Alex Selby

From PokerAI

Jump to: navigation, search

Alex Selby is one of the guys who first programmatically calculated preflop Nash equilibrium for limit poker. He has also published the source code on his web site [1]

Original Usenet Article

Paul Hankin [it was Paul's idea to do this calculation] writes:

Here's an optimal strategy for heads-up limit holdem with 1-2 blinds but with no betting on the flop, turn or river (so there's only betting preflop).

Despite the (relative) simplicity of the game, the optimal strategy brings up several interesting points:

  1. You *never* fold in the big blind, and rarely in the small blind.
  2. You can value bet some really quite weak hands because the other player has to call with such good pot odds.
  3. There are similarities between the small blind play and Abdul's preflop strategy. In particular, you're calling with KK 40% of the time to trap the big blind for 2 bets.

Although this isn't a strategy for real holdem, it's probably pretty good, and could well provide a basis for blind play, and the advice for playing the big blind might also be applicable to defending against a late-position steal raise.

Anyway, here are the details:


OPTIMAL HEADS-UP PREFLOP HOLDEM WITH $1-$2 BLINDS WITH $2 BETS

Above the \ diagonal in the table are the suited hands, below unsuited hands. The letters in the table represent a strategy for playing the hand. In all the strategies (except for F) you *never* fold. For the entries marked * you should randomize your play, choosing a strategy (with the given probability) from the choices below the table.

 F  => Fold
 C  => Call
 R1 => Raise
 R2 => Raise, and reraise if raised back.
 R3 => Raise, reraise and re-re-raise if raised back.
CR1 => Call-raise
CR2 => Call-raise and reraise if raised back.
SMALL BLIND PLAY

                              suited
    |  A   K   Q   J   T   9   8   7   6   5   4   3   2
  -------------------------------------------------------
  A |  R3  R2  R2  R2  R2  R1  R1  R1  R1  R1  R1  R1  R1
    |
  K |  R2  *1  CR1 CR1 CR1 R1  R1  R1  R1  R1  R1  R1  R1
    |
  Q |  CR1 CR1 R2  R1  R1  R1  R1  R1  R1  R1  R1  R1  R1
    |
  J |  R2  *2  R1  R2  R1  R1  R1  R1  R1  R1  R1  R1  R1
u   |
n T |  *3  R1  R1  R1  R2  R1  R1  R1  R1  R1  R1  C   C
s   |
u 9 |  R1  R1  R1  R1  R1  R2  R1  R1  R1  R1  C   C   C
i   |
t 8 |  R1  R1  R1  R1  R1  R1  R2  R1  R1  C   C   C   C
e   |
d 7 |  R1  R1  R1  R1  R1  R1  C   R2  C   C   C   C   C
    |
  6 |  R1  R1  R1  R1  R1  C   C   C   R1  C   C   C   C
    |
  5 |  R1  R1  R1  *4  C   C   C   C   C   R1  C   C   C
    |
  4 |  R1  R1  C   C   C   C   C   C   C   C   R1  C   C
    |
  3 |  R1  C   C   C   C   C   F   F   F   C   F   R1  C
    |
  2 |  R1  C   C   C   C   C   F   F   F   F   F   F   C

[1] (KK)  60.1% R3, 39.9% CR2
[2] (KJo) 62.7% R1, 37.3% CR1
[3] (ATo) 73.0% R2, 27.0% CR1
[4] (J5o) 64.3% C , 35.7% R1


BIG BLIND PLAY

When the small blind has called

                              suited
    |  A   K   Q   J   T   9   8   7   6   5   4   3   2
  -------------------------------------------------------
  A |  R3  R2  R2  R2  R2  R1  R1  R1  R1  R1  R1  R1  R1
    |
  K |  R2  *1  R1  R1  R1  R1  R1  R1  R1  R1  R1  R1  R1
    |
  Q |  R2  R1  R2  R1  R1  R1  R1  R1  R1  R1  R1  R1  R1
    |
  J |  R2  R1  R1  R2  R1  R1  R1  R1  R1  R1  R1  R1  R1
u   |
n T |  R1  R1  R1  R1  R2  R1  R1  R1  R1  R1  R1  R1  C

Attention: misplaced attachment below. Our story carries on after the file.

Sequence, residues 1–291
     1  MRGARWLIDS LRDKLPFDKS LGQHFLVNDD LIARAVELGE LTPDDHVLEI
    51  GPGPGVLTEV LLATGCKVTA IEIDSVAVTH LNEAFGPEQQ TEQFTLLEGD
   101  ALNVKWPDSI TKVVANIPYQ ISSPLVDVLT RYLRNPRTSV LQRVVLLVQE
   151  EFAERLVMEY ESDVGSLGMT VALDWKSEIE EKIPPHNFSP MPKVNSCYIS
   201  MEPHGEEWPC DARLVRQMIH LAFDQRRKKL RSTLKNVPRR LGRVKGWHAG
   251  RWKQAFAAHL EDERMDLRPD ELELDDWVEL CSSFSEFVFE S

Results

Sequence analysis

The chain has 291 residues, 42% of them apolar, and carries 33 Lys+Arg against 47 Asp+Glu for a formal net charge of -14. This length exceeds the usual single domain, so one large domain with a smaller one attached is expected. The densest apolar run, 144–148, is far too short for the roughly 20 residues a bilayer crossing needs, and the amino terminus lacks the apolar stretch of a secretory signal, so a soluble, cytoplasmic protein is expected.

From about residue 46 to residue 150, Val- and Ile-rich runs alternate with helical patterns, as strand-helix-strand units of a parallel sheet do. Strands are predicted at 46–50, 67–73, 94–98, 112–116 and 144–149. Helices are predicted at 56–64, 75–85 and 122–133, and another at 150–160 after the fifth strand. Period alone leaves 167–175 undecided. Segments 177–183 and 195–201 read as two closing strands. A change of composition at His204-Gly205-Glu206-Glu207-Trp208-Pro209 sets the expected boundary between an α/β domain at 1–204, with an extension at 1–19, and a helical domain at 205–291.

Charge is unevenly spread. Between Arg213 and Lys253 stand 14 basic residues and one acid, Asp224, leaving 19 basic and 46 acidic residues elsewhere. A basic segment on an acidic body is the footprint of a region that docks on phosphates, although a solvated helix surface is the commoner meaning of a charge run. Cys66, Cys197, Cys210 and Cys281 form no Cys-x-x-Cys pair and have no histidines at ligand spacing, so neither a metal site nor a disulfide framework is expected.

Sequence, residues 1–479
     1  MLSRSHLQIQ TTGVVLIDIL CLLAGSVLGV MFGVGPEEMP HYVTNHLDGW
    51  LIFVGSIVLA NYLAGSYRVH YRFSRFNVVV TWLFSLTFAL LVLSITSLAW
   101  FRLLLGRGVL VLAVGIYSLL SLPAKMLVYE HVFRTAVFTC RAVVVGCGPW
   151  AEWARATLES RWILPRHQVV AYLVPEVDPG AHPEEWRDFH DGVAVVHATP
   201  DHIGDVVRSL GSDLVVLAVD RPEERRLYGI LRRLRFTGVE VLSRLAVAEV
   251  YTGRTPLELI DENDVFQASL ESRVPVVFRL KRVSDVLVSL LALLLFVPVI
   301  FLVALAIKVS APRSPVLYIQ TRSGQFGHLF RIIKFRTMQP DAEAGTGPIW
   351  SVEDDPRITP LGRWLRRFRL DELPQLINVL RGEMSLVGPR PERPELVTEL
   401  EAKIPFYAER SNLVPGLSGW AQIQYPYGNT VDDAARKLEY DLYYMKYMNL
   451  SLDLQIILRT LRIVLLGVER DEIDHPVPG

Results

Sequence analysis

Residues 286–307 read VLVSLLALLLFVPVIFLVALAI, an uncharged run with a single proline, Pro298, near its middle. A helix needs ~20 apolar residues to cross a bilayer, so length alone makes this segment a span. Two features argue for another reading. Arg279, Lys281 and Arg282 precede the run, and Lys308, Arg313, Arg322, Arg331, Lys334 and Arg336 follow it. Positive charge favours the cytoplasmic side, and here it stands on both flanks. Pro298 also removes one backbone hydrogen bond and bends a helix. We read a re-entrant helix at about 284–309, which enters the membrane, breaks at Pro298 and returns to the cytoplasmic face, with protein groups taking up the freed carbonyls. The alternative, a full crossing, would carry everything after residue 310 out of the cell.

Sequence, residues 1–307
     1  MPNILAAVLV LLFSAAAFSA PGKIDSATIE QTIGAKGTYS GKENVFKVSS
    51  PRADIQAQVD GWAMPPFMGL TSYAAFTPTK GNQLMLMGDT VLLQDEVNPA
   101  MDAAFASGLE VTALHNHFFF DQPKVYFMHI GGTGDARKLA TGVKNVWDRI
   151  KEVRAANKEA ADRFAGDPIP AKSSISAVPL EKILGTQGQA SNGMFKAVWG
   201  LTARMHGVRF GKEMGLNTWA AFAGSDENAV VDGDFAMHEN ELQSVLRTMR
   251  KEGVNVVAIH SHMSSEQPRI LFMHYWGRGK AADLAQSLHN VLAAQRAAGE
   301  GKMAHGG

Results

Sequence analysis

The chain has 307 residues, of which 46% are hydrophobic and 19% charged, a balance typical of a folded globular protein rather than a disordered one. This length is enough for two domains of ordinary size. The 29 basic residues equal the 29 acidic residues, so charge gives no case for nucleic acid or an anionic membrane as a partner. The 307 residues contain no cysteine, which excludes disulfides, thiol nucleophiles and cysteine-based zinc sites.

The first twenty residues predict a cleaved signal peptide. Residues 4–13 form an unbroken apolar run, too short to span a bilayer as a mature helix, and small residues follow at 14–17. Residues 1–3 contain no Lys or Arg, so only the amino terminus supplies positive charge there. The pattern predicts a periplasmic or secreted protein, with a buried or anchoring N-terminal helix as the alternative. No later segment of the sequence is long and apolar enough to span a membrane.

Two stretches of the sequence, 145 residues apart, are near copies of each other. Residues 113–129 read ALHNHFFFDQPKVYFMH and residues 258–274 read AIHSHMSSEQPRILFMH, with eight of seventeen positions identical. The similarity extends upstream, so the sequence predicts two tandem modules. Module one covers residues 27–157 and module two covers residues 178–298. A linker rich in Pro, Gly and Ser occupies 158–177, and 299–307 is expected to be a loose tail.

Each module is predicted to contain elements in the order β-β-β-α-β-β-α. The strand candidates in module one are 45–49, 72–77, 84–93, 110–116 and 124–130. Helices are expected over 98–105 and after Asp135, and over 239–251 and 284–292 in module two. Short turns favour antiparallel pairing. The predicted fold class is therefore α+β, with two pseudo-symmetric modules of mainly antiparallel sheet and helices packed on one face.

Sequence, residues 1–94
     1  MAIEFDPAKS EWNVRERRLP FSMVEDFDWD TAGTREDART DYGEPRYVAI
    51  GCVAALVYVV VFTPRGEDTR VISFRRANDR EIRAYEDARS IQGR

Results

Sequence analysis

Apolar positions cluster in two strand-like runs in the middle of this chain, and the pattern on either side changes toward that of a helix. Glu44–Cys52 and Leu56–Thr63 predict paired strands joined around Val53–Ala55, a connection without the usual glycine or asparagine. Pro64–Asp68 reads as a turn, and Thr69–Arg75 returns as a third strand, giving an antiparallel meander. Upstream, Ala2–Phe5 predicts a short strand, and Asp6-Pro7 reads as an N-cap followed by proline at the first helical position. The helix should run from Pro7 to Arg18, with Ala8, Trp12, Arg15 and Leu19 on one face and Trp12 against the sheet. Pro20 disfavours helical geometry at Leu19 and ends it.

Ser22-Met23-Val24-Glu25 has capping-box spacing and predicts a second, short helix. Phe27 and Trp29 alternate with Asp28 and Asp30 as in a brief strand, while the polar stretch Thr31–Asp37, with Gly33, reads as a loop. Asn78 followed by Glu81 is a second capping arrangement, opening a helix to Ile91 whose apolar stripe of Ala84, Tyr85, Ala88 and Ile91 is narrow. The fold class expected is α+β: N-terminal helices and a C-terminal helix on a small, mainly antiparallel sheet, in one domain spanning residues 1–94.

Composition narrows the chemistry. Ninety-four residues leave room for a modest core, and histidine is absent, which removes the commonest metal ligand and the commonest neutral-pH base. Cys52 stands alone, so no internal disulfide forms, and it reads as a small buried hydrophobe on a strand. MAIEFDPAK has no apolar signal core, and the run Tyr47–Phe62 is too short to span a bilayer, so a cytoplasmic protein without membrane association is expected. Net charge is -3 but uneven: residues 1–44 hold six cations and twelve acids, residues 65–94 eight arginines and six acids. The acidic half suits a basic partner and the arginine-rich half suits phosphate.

s   |
u 9 |  R1  R1  R1  R1  R1  R2  R1  R1  R1  R1  C   C   C
i   |
t 8 |  R1  R1  R1  R1  R1  R1  R2  R1  R1  C   C   C   C
e   |
d 7 |  R1  R1  R1  R1  R1  R1  *2  *3  C   C   C   C   C
    |
  6 |  R1  R1  R1  R1  R1  R1  C   C   R1  C   C   C   C
    |
  5 |  R1  R1  R1  R1  R1  C   C   C   C   R1  C   C   C
    |
  4 |  R1  R1  R1  R1  C   C   C   C   C   C   R1  C   C
    |
  3 |  R1  R1  R1  R1  C   C   C   C   C   C   C   R1  C
    |
  2 |  R1  R1  R1  C   C   C   C   C   C   C   C   C   R1

[1] (KK)  98.1% R2,  1.9% R3
[2] (87o) 26.0% C,  74.0% R1
[3] (77)  99.8% R1,  0.2% R2


When the small blind has raised

                              suited
    |  A   K   Q   J   T   9   8   7   6   5   4   3   2
  -------------------------------------------------------
  A |  R3  R2  R1  R1  R1  R1  R1  R1  R1  R1  R1  R1  R1
    |
  K |  *1  R2  R1  R1  R1  R1  R1  C   C   C   C   C   C
    |
  Q |  R1  R1  R2  R1  R1  C   C   C   C   C   C   C   C
    |
  J |  R1  R1  R1  R2  C   C   C   C   C   C   C   C   C
u   |
n T |  R1  R1  C   C   R1  C   C   C   C   C   C   C   C
s   |
u 9 |  R1  R1  C   C   C   R1  C   C   C   C   C   C   C
i   |
t 8 |  R1  C   C   C   C   C   R1  C   C   C   C   C   C
e   |
d 7 |  R1  C   C   C   C   C   C   R1  C   C   C   C   C
    |
  6 |  R1  C   C   C   C   C   C   C   R1  C   C   C   C
    |
  5 |  *2  C   C   C   C   C   C   C   C   R1  C   C   C
    |
  4 |  C   C   C   C   C   C   C   C   C   C   C   C   C
    |
  3 |  C   C   C   C   C   C   C   C   C   C   C   C   C
    |
  2 |  C   C   C   C   C   C   C   C   C   C   C   C   C

[1] (AKo)  14.2% R1, 85.8% R2
[2] (A5o)   5.4% C,  94.6% R1

Alex Selby writes:

One thing I found interesting, was that although in principle the optimal strategy could have been very mixed, it turned out to be almost completely pure. I.e. there were only a few hands where you are meant to make a random choice. This made the computation much easier.

Another thing I found interesting about the limit holdem result, was that it turned out that the EV to BB is 0.02232 bets. So the BB is +EV even after putting more money in to start with. The positional advantage (& live blind) must more than make up for it. This surprised me a bit. Maybe it would make a good proposition bet!

See also

Links

  • Alex Selby's Optimal Preflop Holdem
Personal tools